try before you buy is still really important if you can do it!

no all the Pono's come to Wahiawa completely finished....Danny does the setup but they do no other work...the factory in Java does great work...John Kitakis flys over to Java to check the Pono's before they are shipped complete to Wahiawa...just keeping it real....:)

maybe they were done how you say years ago...but for the last 2 years since I have been friends with the family.... Pono's are fully built and finished in Java...I am sure they have been doing business like this for awhile now..

I live 2 mins from Ko'olau and visit the warhouse 2 or 3 times a month..to watch Andrew do his recordings....

great family and great company!! :)

coolkayaker1
07-25-2014, 12:03 PM
How would you describe the differences in the actions between Pono and Ko'olau's?

I find that the more expensive custom Ukulele has a lower feeling action and better internation compared with the production Ukulele from this company that we speak. Please note that it may be that it feels lower because the neck is thinner and more playable and fast as compared to the thicker neck on the production model. That is always a possibility.

Dan Uke
07-25-2014, 12:25 PM
no all the Pono's come to Wahiawa completely finished....Danny does the setup but they do no other work...the factory in Java does great work...John Kitakis flys over to Java to check the Pono's before they are shipped complete to Wahiawa...just keeping it real....:)

maybe they were done how you say years ago...but for the last 2 years since I have been friends with the family.... Pono's are fully built and finished in Java...I am sure they have been doing business like this for awhile now..

I live 2 mins from Ko'olau and visit the warhouse 2 or 3 times a month..to watch Andrew do his recordings....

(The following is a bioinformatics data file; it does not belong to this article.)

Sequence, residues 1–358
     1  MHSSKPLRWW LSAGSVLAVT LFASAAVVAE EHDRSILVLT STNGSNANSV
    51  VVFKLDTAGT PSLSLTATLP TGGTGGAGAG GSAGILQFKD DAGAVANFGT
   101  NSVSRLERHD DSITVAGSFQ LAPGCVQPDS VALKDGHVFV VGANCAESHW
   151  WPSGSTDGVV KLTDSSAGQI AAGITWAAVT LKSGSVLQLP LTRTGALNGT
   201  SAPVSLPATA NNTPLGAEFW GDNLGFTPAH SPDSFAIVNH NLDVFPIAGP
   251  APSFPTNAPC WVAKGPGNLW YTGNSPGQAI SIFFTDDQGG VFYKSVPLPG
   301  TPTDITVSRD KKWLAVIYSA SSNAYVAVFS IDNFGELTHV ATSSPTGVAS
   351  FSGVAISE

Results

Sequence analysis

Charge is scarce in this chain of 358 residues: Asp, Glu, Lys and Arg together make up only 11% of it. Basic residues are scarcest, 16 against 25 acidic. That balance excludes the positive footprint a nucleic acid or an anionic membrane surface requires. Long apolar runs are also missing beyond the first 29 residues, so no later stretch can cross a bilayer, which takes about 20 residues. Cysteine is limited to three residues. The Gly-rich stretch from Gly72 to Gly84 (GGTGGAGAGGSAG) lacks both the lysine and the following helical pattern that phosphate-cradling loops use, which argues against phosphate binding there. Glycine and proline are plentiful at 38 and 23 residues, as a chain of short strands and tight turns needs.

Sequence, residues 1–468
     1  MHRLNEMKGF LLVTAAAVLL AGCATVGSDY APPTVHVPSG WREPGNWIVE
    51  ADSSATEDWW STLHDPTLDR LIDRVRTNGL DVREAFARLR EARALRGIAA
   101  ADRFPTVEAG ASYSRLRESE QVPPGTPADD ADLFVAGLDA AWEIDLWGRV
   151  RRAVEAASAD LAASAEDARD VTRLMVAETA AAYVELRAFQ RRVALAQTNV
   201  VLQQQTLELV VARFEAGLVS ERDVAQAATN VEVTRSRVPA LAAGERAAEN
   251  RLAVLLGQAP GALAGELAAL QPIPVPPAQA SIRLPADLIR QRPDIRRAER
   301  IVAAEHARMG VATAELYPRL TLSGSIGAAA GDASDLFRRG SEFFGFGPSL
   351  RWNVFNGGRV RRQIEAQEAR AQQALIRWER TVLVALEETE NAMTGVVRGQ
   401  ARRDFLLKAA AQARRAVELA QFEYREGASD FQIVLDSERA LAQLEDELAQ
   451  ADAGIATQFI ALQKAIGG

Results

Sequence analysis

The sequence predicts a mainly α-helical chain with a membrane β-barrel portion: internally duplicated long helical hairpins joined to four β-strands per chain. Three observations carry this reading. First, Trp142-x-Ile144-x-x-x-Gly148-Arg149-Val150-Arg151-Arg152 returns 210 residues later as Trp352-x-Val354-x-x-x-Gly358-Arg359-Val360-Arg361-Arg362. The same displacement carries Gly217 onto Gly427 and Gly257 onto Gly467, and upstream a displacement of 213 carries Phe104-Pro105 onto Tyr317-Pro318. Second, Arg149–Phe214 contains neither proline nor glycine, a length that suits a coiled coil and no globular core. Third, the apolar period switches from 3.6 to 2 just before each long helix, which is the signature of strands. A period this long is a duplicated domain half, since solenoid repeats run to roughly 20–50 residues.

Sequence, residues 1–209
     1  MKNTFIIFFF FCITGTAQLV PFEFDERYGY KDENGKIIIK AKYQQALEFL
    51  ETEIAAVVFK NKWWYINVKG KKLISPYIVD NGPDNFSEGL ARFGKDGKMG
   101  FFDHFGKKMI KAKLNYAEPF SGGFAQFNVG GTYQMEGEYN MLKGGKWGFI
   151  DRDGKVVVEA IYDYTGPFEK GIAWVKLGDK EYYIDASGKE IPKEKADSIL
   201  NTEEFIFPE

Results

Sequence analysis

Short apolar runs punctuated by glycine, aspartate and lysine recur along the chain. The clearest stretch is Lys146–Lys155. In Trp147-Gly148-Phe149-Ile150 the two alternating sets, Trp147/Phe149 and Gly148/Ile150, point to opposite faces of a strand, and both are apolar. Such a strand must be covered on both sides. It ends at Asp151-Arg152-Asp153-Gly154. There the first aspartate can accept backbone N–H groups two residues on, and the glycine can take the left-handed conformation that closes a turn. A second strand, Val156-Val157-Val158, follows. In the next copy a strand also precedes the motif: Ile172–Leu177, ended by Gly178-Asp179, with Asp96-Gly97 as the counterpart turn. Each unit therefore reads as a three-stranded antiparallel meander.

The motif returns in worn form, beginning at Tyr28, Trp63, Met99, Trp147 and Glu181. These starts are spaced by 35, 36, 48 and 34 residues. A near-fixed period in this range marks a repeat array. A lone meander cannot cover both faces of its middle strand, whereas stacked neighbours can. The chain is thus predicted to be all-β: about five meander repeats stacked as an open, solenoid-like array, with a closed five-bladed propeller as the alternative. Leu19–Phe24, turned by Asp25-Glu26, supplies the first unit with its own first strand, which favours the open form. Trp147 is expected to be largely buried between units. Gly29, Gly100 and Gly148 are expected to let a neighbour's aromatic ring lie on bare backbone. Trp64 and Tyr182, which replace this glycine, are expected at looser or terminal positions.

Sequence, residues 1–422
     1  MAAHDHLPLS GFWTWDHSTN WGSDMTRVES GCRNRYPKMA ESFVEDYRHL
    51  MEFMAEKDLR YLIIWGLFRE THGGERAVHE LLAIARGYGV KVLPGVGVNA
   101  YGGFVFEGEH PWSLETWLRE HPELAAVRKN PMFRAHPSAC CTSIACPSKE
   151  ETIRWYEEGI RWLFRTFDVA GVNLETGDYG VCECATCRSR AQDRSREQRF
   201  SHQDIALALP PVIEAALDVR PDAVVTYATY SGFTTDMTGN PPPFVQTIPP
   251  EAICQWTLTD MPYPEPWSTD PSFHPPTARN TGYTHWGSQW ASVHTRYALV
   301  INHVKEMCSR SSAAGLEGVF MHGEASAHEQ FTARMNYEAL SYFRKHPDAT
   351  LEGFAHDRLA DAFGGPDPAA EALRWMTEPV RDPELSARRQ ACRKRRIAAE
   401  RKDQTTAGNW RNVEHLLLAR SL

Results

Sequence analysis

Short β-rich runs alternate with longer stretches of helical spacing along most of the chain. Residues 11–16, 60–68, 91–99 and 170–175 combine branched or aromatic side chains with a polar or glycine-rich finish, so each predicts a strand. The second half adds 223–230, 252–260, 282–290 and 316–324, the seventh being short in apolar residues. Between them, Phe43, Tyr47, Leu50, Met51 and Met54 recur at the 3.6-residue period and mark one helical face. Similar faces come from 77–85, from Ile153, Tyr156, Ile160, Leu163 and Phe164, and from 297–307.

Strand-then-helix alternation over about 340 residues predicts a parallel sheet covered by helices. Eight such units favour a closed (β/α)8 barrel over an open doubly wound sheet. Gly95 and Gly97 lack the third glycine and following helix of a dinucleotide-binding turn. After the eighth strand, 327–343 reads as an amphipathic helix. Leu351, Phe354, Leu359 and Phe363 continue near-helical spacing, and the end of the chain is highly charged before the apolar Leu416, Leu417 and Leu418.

great family and great company!! :)

Next to Andrew on UU, I trust Len as he practically works for HMS!! :p

hawaii 50
07-25-2014, 12:33 PM
Next to Andrew on UU, I trust Len as he practically works for HMS!! :p

Thanks Daniel... I think....:)

yes I get to see how HMS works and I got to meet all the great people who work there....but that what makes it so nice I love the uke and like to see people happy with what they get no matter what company or builder....

sometimes just trying to keep things real....haha :)
oh btw...I do not work for HMS.....:)

Dan Uke
07-25-2014, 12:43 PM
Thanks Daniel... I think....:)

yes I get to see how HMS works and I got to meet all the great people who work there....but that what makes it so nice I love the uke and like to see people happy with what they get no matter what company or builder....

sometimes just trying to keep things real....haha :)
oh btw...I do not work for HMS.....:)

I said it to be positive. Most of us makes assumptions or we try a certain brand once and make a generalization. Being so close, he can try several of the same brand and then give his opinion.

Icelander53
07-25-2014, 01:26 PM
What a great bunch of folk you all are here. I'm so happy to have found this place. I get the same warm feeling being here that I do playing my uke. This place is a tremendous help to me almost every day in one way or another and takes the place of not being around many other actual players. I guess I'm gushing a little here but I'm old and so can indulge myself in telling it like I feel it. Thanks to all for your input in this thread and to all who PMed me with advice.